Tag Archives: freelance writer

Managing Your Workload: Take a Self-Imposed Vacation

I’m taking a vacation this week.

Well, actually I’ll be right here in my home. But I’m going to pretend that I’m on vacation…with respect to this blog, at least.

You see, among the many different slashes I wear in my current life as a freelance writer, one of them is novelist. OK, that’s not quite right. Why don’t we say “aspiring novelist”? (I’ll feel better.)

You see, I have the novel written. I just that haven’t sold it. And in order to do that, I need to clear a couple of days in my schedule to send out the draft to the appropriate people. I know who those people are (some call them agents), and I know which ones I want to send it to. I even have all the materials ready. So I just need to sit down, go through the list, figure out who needs what, and then do some photocopying and stapling and standing in line at the post office. (If it isn’t on strike…).

In short: I need to put the rubber to the road and just do it, in the immortal words of Nike.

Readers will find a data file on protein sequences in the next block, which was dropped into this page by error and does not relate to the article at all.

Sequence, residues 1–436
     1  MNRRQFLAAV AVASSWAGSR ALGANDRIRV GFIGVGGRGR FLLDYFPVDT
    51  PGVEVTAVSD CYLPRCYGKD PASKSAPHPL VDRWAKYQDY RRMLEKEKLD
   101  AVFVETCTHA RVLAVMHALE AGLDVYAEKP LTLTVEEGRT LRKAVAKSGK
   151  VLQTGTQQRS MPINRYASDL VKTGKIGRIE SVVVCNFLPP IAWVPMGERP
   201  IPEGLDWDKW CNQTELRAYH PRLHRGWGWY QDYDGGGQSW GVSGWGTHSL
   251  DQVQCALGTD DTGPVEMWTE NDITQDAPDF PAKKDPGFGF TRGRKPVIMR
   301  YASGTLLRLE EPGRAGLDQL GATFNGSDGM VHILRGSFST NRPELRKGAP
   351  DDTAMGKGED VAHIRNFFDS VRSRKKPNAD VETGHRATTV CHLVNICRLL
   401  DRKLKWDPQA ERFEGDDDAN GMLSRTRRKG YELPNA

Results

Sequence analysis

Which takes…time. And that’s something I don’t have a lot of because I’m, well, blogging. (She said, fully aware that she was blogging about not blogging. What can I say? Old habits die hard…)

It’s really hard for me to take time off from this blog, mostly because I love it, and partly because – as someone with a super-ego that even Freud would find daunting – I feel that I *should* be blogging (unless I’m on vacation).

So I decided to tell myself that I am on vacation. One of the many things I’ve learned from my beloved life coach is that in order to change your behavior, you need to change your expectations. She always gives me the example of the “sick day.” When you’re sick, you don’t expect yourself to get as much done. You go easy on yourself. Similarly, when you’re on vacation, you don’t bring work along with you (hopefully). You understand that the point of the holiday is precisely to stop working for awhile.